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Democratic leadership as a political weapon: competition between fictions and practices

Democratic leadership as a political weapon: competition between fictions and practices This article aims to analyze possible interpretations of democratic leadership by revealing the implicit leadership theory (ILT) of a moral, a material and a political ideal of democracy, namely deliberative–participatory democracy (DPD), aggregative–pluralist democracy (APD) and leader democracy (LD). As special “filters,” ILT helps the author to organize and compare conflicting premises and assumptions democratic theories hold about exemplary leadership and followership.Design/methodology/approachIn order to reconstruct the possible meanings of ideal leadership (challenges and political knowledge) and the ideal followership (power relations, interactions and roles) portrayed by theories, the article sets a specific template for conceptual analysis.FindingsThe author argues that there is a contest over the meaning of democratic leadership. Political leaders use leadership fictions as political weapons to mobilize possible followers, legitimize their actions and discredit opponents. The article creates a heuristic typology providing a “plural” or nonessentialist reading of actual political situations and democratic practices.Originality/valueThe literature usually aims to find an absolute moral understanding of leadership fitted in democracy or to reconcile the idea of leadership with democracy. Extending J. Thomas Wren's approach, this article examines competing fictions of democratic leadership by blending leadership and democracy theories. http://www.deepdyve.com/assets/images/DeepDyve-Logo-lg.png International Journal of Public Leadership Emerald Publishing

Democratic leadership as a political weapon: competition between fictions and practices

International Journal of Public Leadership , Volume 17 (4): 12 – Nov 30, 2021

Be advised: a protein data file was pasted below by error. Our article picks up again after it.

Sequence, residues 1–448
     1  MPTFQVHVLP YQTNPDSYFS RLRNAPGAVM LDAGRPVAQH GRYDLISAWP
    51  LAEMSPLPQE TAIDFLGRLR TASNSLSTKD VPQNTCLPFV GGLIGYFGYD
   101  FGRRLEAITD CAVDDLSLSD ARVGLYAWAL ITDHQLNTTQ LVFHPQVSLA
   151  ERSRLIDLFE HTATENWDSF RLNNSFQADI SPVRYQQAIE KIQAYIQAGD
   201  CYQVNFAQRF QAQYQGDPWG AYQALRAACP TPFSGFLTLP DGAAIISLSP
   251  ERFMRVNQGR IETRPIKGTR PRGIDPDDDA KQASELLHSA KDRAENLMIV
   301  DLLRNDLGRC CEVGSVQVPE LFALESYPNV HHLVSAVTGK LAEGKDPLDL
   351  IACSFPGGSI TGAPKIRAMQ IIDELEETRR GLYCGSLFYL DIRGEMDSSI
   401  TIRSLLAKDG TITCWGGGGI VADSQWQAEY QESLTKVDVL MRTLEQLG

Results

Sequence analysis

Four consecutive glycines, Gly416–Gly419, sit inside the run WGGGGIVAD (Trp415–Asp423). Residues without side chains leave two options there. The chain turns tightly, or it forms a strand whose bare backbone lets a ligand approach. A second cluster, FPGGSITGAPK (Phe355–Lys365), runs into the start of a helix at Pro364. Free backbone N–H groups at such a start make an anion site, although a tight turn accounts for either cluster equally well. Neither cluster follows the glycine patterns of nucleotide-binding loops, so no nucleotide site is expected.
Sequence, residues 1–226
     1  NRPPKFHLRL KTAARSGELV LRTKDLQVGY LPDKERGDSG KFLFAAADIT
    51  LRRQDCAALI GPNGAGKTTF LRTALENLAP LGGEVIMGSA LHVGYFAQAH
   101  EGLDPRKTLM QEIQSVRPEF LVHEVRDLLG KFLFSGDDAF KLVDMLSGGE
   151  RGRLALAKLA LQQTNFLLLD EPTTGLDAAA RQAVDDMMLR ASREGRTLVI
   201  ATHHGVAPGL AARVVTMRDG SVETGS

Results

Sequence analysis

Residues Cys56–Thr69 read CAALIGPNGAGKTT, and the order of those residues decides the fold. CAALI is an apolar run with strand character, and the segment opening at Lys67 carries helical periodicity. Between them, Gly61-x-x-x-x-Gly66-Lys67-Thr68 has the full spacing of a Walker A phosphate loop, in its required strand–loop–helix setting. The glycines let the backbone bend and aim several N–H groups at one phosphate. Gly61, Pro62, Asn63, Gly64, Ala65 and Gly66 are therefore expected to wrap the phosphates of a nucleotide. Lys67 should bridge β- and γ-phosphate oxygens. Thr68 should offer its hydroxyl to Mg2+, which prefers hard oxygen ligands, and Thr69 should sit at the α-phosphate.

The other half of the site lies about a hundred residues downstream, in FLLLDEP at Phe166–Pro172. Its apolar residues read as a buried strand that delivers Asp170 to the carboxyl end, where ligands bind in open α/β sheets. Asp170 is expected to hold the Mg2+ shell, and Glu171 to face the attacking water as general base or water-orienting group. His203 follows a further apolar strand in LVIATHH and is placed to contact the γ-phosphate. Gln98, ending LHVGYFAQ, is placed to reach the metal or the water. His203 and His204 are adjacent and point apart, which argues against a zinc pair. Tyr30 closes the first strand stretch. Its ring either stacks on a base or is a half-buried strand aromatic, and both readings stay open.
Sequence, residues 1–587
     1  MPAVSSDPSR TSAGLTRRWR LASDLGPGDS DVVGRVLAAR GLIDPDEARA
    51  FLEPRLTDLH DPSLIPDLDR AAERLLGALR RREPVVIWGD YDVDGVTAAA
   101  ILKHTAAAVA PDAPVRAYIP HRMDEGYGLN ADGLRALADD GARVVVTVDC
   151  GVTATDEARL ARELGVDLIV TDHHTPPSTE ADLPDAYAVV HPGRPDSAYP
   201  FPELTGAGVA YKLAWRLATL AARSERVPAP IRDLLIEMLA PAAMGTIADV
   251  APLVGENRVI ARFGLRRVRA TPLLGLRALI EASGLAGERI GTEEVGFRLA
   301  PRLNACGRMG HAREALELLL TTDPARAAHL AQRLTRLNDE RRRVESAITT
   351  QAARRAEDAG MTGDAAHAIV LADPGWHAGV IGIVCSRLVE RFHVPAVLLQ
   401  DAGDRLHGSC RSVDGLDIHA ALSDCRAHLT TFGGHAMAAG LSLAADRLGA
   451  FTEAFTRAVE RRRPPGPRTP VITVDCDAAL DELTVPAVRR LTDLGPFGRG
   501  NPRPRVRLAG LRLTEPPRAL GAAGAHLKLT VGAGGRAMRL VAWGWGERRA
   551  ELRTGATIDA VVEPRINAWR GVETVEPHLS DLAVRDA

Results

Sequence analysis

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References (26)

Publisher
Emerald Publishing
Copyright
© Emerald Publishing Limited
ISSN
2056-4929
DOI
10.1108/ijpl-09-2020-0094
Publisher site
See Article on Publisher Site

Abstract

This article aims to analyze possible interpretations of democratic leadership by revealing the implicit leadership theory (ILT) of a moral, a material and a political ideal of democracy, namely deliberative–participatory democracy (DPD), aggregative–pluralist democracy (APD) and leader democracy (LD). As special “filters,” ILT helps the author to organize and compare conflicting premises and assumptions democratic theories hold about exemplary leadership and followership.Design/methodology/approachIn order to reconstruct the possible meanings of ideal leadership (challenges and political knowledge) and the ideal followership (power relations, interactions and roles) portrayed by theories, the article sets a specific template for conceptual analysis.FindingsThe author argues that there is a contest over the meaning of democratic leadership. Political leaders use leadership fictions as political weapons to mobilize possible followers, legitimize their actions and discredit opponents. The article creates a heuristic typology providing a “plural” or nonessentialist reading of actual political situations and democratic practices.Originality/valueThe literature usually aims to find an absolute moral understanding of leadership fitted in democracy or to reconcile the idea of leadership with democracy. Extending J. Thomas Wren's approach, this article examines competing fictions of democratic leadership by blending leadership and democracy theories.

Journal

International Journal of Public LeadershipEmerald Publishing

Published: Nov 30, 2021

Keywords: Democratic leadership; Political leaders; Followership; Leader–follower retaliations; Implicit leadership theory

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